TOKYO - Japanese architect Shigeru Ban, who uses cardboard tubes to make temporary housing for victims of natural disasters and refugees fleeing violence, has won his field's highest honour, the Pritzker Architecture Prize.
Award sponsor The Hyatt Foundation said Monday that it had chosen the 56-year-old architect, who has offices in Tokyo, Paris and New York, as its 2014 laureate.
Ban, who works in disaster zones and with private clients, has spent about two decades travelling the world to help design low-cost but dignified housing and community buildings in hard-hit areas, the foundation said in a statement.
"Shigeru Ban's commitment to humanitarian causes through his disaster relief work is an example for all. Innovation is not limited by building type and compassion is not limited by budget," said foundation head Tom Pritzker. "Shigeru has made our world a better place."
Ban said the award was "a great honour," according the statement.
"And with it, I must be careful. I must continue to listen to the people I work for, in my private residential commissions and in my disaster relief work," he was quoted as saying.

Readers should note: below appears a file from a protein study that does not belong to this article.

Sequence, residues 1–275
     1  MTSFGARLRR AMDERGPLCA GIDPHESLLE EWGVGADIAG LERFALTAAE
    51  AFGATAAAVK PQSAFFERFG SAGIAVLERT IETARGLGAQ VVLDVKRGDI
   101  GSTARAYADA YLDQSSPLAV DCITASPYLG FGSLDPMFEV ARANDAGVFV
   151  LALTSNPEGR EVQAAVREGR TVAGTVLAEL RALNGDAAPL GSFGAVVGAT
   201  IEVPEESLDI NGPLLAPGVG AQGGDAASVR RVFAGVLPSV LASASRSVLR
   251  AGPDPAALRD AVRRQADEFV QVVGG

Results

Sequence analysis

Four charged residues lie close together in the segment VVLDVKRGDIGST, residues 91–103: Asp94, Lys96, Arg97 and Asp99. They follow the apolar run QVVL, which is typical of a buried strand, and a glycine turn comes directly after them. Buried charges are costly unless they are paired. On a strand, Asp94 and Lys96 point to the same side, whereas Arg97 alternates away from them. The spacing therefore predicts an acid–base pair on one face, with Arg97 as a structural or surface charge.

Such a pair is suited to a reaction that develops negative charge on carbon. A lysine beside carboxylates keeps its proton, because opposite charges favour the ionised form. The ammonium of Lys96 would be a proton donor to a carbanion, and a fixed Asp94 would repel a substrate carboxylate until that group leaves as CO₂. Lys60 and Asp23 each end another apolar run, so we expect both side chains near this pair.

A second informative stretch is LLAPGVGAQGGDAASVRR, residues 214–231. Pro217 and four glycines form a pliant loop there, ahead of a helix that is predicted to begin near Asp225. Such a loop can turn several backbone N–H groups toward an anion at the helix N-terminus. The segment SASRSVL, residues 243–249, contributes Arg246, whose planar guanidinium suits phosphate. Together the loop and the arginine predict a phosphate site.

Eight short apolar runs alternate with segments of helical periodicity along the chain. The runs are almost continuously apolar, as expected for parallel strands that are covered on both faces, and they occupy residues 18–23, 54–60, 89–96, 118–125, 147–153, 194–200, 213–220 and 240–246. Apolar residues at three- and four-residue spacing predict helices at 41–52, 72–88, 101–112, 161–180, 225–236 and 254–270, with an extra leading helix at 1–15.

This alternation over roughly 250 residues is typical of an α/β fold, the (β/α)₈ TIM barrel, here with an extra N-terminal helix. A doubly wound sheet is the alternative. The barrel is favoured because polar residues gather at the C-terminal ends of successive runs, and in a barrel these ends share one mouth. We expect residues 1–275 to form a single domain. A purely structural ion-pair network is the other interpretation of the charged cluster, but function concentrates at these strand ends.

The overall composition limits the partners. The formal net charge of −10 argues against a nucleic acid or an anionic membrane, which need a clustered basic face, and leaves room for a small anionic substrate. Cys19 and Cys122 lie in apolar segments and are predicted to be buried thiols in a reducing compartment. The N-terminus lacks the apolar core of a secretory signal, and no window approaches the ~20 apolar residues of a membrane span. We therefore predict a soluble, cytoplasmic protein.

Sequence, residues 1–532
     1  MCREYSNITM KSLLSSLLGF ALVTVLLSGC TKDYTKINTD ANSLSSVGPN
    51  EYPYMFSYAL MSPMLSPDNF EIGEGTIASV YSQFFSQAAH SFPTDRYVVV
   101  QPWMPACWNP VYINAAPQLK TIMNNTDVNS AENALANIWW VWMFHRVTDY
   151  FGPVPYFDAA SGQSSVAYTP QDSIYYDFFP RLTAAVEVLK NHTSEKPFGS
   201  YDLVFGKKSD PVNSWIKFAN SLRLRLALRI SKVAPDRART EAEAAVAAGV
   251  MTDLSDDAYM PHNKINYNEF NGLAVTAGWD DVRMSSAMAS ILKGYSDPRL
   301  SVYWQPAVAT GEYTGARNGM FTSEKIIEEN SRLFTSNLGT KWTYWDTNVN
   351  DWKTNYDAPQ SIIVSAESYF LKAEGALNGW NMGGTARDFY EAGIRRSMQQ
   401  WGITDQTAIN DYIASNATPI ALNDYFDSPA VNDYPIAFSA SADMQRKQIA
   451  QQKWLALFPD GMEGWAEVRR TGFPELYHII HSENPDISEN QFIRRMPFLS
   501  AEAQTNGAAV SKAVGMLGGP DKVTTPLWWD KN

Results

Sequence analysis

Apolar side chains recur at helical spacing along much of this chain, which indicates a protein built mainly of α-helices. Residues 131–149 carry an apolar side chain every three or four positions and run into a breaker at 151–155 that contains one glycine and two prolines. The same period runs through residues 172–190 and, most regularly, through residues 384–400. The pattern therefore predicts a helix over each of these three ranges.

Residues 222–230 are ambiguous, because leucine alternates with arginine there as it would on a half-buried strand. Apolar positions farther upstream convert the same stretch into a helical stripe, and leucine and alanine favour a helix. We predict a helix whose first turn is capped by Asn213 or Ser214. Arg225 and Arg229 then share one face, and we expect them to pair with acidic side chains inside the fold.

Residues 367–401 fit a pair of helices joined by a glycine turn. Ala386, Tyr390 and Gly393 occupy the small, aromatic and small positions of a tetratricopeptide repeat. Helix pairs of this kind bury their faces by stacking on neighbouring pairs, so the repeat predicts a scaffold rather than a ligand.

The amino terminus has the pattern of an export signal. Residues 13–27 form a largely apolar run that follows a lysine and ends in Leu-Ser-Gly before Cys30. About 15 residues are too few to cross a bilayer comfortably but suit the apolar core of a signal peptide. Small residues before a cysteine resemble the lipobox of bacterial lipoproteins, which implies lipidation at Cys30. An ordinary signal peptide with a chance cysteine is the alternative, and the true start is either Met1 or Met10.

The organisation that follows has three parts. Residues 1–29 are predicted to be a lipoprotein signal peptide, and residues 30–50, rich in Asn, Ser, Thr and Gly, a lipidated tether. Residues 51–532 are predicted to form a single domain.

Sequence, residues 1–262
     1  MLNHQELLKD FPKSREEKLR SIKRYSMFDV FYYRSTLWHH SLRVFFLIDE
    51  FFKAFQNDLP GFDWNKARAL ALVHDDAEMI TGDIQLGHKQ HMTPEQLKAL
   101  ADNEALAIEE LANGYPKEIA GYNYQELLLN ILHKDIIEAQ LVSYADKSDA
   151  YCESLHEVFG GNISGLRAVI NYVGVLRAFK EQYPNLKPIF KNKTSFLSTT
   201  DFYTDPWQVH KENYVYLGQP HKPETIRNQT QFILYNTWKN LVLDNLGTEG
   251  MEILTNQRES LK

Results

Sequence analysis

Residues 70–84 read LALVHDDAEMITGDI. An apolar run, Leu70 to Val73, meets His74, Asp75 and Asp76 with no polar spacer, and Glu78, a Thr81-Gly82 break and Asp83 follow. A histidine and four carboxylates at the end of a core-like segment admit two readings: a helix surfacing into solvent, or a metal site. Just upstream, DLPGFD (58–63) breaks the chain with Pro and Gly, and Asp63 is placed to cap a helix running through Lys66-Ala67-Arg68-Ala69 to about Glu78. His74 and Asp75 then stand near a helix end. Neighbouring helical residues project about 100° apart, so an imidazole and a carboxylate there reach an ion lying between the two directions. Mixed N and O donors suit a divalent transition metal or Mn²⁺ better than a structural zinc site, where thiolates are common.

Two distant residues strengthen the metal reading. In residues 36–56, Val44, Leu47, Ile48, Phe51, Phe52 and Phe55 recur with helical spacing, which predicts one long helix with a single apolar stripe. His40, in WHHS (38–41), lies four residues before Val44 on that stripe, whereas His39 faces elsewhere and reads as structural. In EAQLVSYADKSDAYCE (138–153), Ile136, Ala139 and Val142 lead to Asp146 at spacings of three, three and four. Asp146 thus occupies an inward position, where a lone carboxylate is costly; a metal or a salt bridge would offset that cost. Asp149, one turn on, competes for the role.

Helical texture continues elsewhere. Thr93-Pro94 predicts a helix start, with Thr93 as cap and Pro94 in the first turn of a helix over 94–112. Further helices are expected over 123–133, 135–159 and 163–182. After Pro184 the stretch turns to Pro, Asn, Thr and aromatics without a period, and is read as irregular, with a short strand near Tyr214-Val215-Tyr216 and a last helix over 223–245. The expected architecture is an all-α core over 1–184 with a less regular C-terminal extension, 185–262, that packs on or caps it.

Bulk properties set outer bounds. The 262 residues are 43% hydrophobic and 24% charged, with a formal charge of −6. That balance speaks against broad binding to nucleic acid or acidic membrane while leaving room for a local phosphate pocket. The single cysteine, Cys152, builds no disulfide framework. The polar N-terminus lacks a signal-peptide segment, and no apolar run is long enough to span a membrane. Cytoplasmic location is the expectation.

"I see this prize as encouragement for me to keep doing what I am doing - not to change what I am doing, but to grow."
The foundation highlighted Ban's frequent use of locally-sourced cardboard tubes for columns, walls and beams, noting the recyclable material was easy to mount and dismantle. It can also be made flame-resistant and water-proofed.
Bank uses other unconventional building materials including bamboo, fabrics, and composites of recycled paper fibre and plastics.
His best-known works included a paper cathedral in Christchurch in New Zealand and temporary housing in Japan following the 2011 quake-tsunami disaster The architect was born in Tokyo to a Toyota employee father and a mother who was a haute couture designer.
He attended architecture school first at the Southern California Institute of Architecture, and earned his bachelor's degree in architecture from Cooper Union in New York City in 1984.
It was the second straight year that a Japanese winner took architecture's highest honour.
The 2013 winner was Toyo Ito, who has designed many innovative homes and public buildings in his native country.
Ban will receive a US$100,000 (S$127,000) grant and a bronze medallion at the formal awards ceremony in Amsterdam in June.